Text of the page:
MCPS Graduation Rate Among Top Four in Nation

June 20, 2006
Nearly 82 out of 100 Seniors Graduate in MCPS with Regular Diploma

A new study published by Education Week Tuesday finds that graduation rates in Montgomery County Public Schools (MCPS) rank among the top four in the nation.

MCPS’ graduation rate of 81.5 percent surpasses the national average of 69.6 percent and the Maryland average of 74.4 percent, according to the study of 2002-2003 graduation rates.

“It is encouraging that we are among the best in the nation in terms of our graduation rates,” said Dr. Jerry D. Weast, superintendent of schools. “However, we know that there is much more work to do to ensure that all of our students leave MCPS with a solid educational foundation that prepares them well for college or the world of work.”

Three school systems had slightly higher graduation rates than MCPS – Baltimore County (81.9 percent), Wake County, N.C. (82.2 percent) and Fairfax County, Virginia (82.5 percent).

MCPS requires students to obtain 22 credits to receive a high school diploma, one credit more than the state requirement of 21 credits. The difference is that MCPS requires four math credits while the state only requires three credits.

The report highlights that there continues to be a significant disparity in graduation rates between African American and Hispanic students and their White and Asian American peers across the country. In fact, the graduation rates in urban districts are 10 percentage points lower than the national average and 15 percent lower than suburban districts.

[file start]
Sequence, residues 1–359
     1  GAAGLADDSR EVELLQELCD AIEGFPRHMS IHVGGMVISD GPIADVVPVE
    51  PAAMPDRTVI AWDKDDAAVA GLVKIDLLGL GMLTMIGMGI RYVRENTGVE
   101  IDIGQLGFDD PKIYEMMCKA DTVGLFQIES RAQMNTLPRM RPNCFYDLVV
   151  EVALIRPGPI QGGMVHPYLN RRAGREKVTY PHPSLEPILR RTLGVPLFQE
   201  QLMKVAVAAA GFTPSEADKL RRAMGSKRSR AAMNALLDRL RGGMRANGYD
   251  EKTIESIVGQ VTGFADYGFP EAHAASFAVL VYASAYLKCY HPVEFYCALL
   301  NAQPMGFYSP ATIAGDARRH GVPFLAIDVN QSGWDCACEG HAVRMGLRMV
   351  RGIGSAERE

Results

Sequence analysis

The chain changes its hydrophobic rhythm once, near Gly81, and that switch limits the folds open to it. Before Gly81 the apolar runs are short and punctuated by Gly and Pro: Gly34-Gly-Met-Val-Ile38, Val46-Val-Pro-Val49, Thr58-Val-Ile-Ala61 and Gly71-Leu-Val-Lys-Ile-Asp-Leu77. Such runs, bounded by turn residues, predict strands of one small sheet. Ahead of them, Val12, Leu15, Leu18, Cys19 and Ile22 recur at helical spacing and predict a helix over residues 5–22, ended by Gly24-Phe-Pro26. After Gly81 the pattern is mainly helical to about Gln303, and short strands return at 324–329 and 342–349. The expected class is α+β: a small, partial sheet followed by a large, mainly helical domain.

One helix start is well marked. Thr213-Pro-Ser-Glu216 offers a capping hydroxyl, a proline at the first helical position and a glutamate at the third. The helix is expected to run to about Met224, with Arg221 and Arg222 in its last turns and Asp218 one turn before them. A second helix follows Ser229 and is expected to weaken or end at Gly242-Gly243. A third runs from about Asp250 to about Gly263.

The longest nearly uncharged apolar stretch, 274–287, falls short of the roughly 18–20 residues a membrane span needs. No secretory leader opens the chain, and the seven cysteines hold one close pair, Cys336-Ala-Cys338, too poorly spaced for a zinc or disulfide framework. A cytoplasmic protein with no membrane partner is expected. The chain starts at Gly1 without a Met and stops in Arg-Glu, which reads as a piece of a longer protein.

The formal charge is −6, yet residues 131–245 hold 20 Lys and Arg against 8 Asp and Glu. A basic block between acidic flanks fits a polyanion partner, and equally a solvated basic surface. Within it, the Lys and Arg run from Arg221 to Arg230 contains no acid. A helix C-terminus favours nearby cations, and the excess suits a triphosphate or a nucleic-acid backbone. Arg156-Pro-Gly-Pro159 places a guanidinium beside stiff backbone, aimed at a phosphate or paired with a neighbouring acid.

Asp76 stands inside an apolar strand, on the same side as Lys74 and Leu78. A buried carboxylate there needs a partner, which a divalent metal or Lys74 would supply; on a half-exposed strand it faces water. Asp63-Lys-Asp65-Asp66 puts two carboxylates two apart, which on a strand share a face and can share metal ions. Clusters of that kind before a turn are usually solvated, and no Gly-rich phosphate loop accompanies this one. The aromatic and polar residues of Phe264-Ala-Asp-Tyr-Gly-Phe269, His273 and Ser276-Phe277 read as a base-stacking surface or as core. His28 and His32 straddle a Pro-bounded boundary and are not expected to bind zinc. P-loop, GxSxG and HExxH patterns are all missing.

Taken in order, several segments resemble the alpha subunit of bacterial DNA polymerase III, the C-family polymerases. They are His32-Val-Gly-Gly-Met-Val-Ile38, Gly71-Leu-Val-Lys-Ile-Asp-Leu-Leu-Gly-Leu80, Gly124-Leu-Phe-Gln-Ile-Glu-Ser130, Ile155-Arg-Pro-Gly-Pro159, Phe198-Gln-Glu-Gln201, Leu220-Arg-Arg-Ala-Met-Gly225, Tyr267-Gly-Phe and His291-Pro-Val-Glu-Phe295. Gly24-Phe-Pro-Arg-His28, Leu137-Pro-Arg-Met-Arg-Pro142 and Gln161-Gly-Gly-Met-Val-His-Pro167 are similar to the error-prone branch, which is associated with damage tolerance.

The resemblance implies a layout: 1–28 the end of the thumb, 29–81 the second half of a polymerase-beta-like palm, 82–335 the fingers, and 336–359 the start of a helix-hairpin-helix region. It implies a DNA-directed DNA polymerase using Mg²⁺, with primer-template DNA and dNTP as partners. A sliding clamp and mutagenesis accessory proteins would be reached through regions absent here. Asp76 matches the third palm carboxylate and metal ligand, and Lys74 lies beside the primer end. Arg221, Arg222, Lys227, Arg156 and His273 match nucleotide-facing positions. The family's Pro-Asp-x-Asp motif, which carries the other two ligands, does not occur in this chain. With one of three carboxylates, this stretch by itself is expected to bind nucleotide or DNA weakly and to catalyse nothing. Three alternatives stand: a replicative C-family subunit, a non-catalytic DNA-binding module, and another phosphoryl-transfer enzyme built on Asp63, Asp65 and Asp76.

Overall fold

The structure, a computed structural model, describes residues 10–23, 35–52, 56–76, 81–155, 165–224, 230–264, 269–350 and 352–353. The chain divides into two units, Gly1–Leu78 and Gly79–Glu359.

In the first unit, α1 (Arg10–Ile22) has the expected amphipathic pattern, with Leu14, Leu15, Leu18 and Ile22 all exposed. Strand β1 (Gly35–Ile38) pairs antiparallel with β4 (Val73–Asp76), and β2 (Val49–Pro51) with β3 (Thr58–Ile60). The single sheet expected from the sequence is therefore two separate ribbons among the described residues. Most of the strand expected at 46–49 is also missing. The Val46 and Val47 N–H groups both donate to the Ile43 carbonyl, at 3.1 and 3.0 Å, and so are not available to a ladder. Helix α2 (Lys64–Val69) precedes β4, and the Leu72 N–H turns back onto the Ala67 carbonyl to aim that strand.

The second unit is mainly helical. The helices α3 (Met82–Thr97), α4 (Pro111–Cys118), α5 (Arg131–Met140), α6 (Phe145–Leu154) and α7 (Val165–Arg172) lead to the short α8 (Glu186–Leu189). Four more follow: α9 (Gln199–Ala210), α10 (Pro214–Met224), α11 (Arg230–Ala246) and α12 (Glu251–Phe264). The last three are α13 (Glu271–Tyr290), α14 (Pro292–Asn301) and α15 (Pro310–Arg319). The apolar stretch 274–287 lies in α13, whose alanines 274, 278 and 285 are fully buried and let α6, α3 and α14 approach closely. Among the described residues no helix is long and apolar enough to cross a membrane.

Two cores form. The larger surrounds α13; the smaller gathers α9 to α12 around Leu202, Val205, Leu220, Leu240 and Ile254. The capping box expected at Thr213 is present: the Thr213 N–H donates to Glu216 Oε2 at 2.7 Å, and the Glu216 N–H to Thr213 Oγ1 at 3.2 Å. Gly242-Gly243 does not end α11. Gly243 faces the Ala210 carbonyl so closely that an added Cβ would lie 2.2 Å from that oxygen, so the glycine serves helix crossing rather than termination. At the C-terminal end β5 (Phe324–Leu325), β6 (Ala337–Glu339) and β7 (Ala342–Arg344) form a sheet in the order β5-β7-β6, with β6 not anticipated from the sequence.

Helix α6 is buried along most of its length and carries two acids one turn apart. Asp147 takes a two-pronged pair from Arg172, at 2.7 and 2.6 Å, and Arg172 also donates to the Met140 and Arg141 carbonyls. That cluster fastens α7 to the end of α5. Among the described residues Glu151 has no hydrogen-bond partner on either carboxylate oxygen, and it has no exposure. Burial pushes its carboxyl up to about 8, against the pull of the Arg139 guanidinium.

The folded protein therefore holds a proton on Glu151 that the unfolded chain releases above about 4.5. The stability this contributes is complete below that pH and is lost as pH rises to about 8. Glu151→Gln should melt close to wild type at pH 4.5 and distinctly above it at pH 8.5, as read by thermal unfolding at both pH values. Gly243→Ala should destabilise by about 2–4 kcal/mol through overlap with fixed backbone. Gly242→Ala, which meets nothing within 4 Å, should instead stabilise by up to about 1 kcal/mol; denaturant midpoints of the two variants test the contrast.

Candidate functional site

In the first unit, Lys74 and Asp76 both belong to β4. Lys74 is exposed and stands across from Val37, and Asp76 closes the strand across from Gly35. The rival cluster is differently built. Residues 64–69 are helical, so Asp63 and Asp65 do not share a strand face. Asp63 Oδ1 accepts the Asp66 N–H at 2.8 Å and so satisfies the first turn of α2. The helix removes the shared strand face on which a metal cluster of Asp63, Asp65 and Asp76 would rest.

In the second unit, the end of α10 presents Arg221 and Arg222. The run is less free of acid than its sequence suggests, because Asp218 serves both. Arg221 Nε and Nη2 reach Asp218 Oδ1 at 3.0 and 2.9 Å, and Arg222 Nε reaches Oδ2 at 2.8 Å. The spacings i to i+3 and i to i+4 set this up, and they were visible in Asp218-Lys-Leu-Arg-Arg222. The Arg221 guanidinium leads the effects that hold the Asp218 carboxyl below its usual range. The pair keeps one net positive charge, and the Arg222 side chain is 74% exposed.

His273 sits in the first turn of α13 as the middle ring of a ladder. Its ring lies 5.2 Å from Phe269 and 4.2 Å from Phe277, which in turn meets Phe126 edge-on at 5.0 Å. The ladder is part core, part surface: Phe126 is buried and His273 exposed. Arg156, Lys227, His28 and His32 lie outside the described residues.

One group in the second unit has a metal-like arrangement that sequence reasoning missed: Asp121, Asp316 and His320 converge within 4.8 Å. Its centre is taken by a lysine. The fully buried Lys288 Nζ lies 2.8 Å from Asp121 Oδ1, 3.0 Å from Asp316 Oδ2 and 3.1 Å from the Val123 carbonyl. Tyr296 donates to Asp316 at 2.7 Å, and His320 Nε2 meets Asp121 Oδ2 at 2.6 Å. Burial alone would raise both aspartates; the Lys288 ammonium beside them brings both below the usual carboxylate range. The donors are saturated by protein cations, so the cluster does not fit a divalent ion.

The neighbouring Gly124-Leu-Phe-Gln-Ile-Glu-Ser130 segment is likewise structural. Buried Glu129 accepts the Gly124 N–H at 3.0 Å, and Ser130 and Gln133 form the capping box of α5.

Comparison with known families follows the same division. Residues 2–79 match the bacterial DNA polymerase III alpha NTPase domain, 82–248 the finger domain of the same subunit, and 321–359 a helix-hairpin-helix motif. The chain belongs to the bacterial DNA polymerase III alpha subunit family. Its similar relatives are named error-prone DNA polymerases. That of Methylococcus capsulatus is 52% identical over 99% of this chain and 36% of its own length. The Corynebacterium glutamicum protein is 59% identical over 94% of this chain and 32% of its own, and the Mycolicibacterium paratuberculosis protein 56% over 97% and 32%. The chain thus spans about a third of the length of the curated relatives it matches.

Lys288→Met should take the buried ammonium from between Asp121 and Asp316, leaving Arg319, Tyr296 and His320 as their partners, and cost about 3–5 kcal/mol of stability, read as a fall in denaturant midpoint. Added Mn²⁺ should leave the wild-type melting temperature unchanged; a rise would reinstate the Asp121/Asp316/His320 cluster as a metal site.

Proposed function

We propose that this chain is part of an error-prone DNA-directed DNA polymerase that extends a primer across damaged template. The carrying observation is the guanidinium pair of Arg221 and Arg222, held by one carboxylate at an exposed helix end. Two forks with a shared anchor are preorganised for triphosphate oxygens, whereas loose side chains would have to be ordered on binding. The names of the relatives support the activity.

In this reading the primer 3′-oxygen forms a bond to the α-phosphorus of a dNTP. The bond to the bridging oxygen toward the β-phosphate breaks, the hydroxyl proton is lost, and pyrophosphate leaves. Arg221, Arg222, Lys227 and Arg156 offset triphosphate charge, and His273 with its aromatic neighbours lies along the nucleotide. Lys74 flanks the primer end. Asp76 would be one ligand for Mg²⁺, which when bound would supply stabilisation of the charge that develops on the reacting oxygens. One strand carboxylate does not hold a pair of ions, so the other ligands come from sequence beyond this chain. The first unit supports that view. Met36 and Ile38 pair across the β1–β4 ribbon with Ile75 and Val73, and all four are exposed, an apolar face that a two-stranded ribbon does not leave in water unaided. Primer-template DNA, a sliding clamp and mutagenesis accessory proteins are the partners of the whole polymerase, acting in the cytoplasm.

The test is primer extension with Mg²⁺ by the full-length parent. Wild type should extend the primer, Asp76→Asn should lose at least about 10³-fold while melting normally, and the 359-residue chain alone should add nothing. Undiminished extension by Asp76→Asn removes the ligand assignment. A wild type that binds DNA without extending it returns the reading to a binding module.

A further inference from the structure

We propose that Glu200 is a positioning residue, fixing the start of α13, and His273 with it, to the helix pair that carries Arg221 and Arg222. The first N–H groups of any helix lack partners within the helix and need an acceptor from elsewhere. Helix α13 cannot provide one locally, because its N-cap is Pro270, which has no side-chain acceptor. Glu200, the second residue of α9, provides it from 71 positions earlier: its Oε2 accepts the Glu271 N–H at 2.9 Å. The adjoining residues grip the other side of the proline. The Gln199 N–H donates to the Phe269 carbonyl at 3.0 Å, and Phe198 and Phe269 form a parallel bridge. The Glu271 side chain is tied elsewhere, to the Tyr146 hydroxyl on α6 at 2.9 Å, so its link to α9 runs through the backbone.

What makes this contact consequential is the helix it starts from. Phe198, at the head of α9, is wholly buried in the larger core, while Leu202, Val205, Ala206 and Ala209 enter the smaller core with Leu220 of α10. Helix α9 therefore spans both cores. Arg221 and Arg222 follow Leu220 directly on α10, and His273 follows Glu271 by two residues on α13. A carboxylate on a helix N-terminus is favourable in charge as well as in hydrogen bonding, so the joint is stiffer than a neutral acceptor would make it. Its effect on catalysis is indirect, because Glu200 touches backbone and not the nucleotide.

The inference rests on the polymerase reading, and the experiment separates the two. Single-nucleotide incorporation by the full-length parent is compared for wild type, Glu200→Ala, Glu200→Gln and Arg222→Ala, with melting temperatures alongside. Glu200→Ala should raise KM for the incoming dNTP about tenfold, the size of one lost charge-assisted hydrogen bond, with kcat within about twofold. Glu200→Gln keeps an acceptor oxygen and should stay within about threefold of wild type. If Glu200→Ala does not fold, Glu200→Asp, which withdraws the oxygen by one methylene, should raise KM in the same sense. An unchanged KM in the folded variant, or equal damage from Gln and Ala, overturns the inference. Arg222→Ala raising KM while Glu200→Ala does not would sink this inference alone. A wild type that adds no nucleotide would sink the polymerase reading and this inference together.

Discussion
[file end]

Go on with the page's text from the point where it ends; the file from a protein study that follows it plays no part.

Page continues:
In a study of African American male graduation rates released this month by the Schott Foundation for Public Education, MCPS ranked second only to Baltimore County in graduation rates for African American males. The graduation rate for African American males in MCPS is 64 percent according to the Schott Foundation, while in Baltimore County the graduation rate is 78 percent for African American males. The Schott study looked at data for the 2003-2004 year, and is based on a calculation of the percentage of the students enrolled in ninth grade receiving diplomas with their cohort at the end of twelfth grade.

The Education Week study was conducted by the Editorial Projects in Education Research Center. It analyzed graduation data for all 50 states and the District of Columbia as well as the nation’s 50 largest school districts. More information about the study is available at

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